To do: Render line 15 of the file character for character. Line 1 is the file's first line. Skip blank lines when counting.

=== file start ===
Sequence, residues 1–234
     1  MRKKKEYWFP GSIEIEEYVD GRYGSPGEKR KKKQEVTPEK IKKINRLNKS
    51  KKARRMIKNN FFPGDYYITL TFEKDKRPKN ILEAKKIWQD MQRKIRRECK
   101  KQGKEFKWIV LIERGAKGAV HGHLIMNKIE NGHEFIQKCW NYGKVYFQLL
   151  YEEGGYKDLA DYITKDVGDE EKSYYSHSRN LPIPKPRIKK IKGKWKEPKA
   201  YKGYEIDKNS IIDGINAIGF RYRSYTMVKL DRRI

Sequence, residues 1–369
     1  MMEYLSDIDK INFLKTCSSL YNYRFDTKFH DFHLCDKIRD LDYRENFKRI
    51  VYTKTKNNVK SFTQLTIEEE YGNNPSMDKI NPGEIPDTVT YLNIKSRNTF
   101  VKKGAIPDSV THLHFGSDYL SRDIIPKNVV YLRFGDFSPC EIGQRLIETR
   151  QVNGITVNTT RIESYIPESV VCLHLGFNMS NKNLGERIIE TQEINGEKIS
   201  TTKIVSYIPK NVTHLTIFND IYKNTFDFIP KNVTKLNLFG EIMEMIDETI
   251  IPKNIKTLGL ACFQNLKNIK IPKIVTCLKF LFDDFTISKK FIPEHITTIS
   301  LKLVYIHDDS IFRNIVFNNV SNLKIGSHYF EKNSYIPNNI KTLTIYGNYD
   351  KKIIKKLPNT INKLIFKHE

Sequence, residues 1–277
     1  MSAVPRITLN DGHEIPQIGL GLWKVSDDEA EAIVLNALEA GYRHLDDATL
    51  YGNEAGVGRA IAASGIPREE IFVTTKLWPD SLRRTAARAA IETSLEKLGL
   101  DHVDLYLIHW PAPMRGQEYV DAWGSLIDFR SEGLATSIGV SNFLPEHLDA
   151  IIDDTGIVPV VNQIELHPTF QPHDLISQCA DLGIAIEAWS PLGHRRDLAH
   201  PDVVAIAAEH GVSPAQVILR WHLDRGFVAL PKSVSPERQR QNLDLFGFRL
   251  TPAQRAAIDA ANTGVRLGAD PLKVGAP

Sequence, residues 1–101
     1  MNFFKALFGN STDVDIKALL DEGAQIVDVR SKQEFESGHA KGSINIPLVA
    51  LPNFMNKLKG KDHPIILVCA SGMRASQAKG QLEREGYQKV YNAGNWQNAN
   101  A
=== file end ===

   351  KKIIKKLPNT INKLIFKHE